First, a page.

Mis à jour le 23 juin 2015 par Michel Puech
50 years ago, Algeria won its independence after a long, deathly war. In order to face up to the Algerian nationalists’ insurrection, the French army called upon former colonial troops and their auxiliaries to create the “harkas”. They were referred to as “harkis”.
In July, 1962, the French shamefully abandoned them, tens of thousands of them, often to their death. Nearly 30,000 harkis, their wives and children were repatriated to France where they settled in what were referred to as “forest dwellings”, for the government hired them to clean the forests and fight fires.
In 1973, my father Jean Puech, an amateur photographer and correspondent for the Fotolib press agency, the first agency of the young French daily Libération, made a reportage that was never published. In 2007, when he died, I put some of those pictures on a website. How suprising to be contacted by several people.
One Sunday afternoon, Ali Sémir called me: “You have a picture of me on a tricycle… I am now 45 years old!” Then other children, now adults, recognized a father or a lost friend. A few weeks ago, Salah and Boukmis Brahimm Bounab, two sons of harkis, one of whom is on the municipal council of La Londe-les-Maures, organized an exhibition of my father’s pictures and some archival documents. Everyone who loves photography knows what an event it can be to meet up with people photographed long ago. Sometimes it happens in the courts, such as for Robert Doisneau’s “Baiser de l’Hôtel de Ville”. Most often, it is the chance to share emotions and sometimes create friendships.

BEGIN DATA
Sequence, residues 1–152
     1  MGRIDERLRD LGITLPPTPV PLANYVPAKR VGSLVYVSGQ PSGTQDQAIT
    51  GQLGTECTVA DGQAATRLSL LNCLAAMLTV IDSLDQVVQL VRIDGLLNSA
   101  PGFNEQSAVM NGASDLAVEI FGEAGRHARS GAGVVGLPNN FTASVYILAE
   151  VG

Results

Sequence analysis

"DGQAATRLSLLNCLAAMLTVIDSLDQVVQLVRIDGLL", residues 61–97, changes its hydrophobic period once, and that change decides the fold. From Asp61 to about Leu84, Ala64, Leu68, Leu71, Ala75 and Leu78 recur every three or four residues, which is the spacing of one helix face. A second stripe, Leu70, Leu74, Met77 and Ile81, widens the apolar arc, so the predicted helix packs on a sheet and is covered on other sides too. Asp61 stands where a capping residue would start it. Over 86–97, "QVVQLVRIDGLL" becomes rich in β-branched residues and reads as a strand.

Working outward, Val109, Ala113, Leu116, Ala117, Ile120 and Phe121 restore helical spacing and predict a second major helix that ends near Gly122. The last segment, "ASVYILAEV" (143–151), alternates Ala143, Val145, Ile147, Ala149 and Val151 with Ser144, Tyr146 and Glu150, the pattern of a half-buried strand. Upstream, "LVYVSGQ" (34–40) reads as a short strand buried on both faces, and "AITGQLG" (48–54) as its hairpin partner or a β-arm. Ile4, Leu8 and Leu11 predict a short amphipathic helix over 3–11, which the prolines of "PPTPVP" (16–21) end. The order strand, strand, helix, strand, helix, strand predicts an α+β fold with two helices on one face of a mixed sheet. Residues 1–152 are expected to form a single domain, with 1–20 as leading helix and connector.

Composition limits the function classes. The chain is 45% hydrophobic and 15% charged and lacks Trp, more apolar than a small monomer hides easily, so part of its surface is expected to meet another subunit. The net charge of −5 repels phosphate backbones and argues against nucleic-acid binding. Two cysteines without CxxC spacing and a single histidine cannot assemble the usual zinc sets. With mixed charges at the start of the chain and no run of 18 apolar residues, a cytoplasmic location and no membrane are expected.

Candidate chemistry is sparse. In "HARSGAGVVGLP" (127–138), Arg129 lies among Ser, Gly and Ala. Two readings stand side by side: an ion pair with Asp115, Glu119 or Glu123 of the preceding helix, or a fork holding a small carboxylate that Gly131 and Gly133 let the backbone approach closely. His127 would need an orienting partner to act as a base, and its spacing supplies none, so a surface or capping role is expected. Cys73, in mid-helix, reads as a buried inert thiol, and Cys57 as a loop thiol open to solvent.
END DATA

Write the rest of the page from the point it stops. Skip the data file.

At La Londe-les-Maures on March 10, it was an incredible day!